The presentation copy launching the warm friendship between two great historicial novelists of the early nineteenth century.
A fine presentation copy of the author's first novel (the "Scots Castle Rackrent"), which Scott was inspired to complete only though his reading of Maria Edgeworth's own historical fiction
The first and second editions of Waverley (of 1,000 and 2,000 copies respectively, published in July and September 1814) quickly sold out, and this third edition was issued on 1 November in London (see Todd and Bowden). It appears from the Memoirs that although Scott asked for one of the earlier editions to be sent to Maria Edgeworth this was not possible since the run was sold out. Having received this presentation copy of the third edition, she wrote enthusiastically to Scott on 23 October, the same day that the novel had been read aloud to the assembled family at Edgeworthstown: thus began a very warm correspondence and friendship between the two novelists (see R.F. Butler, "Maria Edgeworth and Sir Walter Scott Unpublished Letters, 1823", in The Review of English Studies, New Series, Vol. 9, No. 33, February 1958, pp. 23-40).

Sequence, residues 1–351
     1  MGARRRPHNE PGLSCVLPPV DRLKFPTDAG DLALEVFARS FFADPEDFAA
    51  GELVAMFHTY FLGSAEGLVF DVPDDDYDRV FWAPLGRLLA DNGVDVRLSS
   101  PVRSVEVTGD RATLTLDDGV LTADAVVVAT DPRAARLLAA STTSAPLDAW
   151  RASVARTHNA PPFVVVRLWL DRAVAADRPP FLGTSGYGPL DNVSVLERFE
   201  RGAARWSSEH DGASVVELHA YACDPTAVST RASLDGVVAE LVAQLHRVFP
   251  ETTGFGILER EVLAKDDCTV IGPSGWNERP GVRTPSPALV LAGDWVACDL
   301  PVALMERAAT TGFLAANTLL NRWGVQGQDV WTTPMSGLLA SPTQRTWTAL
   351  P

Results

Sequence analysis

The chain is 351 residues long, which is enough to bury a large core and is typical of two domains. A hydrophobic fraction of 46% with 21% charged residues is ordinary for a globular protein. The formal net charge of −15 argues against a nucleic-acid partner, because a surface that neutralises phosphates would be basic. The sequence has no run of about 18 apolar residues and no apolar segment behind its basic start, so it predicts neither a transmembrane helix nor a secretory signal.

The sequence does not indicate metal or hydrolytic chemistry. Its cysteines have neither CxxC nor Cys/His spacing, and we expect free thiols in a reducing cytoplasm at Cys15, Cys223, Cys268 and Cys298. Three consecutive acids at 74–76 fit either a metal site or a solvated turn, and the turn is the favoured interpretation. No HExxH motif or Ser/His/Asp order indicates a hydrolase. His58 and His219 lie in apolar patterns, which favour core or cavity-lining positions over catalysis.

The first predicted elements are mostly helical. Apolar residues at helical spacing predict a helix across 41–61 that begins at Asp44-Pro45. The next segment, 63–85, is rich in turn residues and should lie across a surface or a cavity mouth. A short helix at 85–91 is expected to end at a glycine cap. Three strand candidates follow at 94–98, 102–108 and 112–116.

Scott had probably begun Waverley in 1808, continuing it in 1810 before setting it aside. It was only with the appearance of Maria Edgeworth's The Absentee (see lot 103) that he was prompted to unearth his incomplete manuscript, and complete it in 1813-14. Thus Maria Edgeworth helped to launch the historical novel across Europe. Scott, who wrote that he hoped "in some distant degree to emulate the admirable Irish portraits of Miss Edgeworth", had been an early admirer of his fellow writer. He was "by far the most important reader of her work...What she demonstrated was a means of relating one cultural tradition to another, whether across a long passage of time or in a tense contemporary setting (the stories of émigrés, for instance). Scott's public acknowledgement of the debt came in the collected edition of his works (1829–33)..." (David Hewitt, Oxford DNB) It is thought that Jeanie Deans, in Scott's Heart of Midlothian, may have been modelled on Maria Edgeworth.
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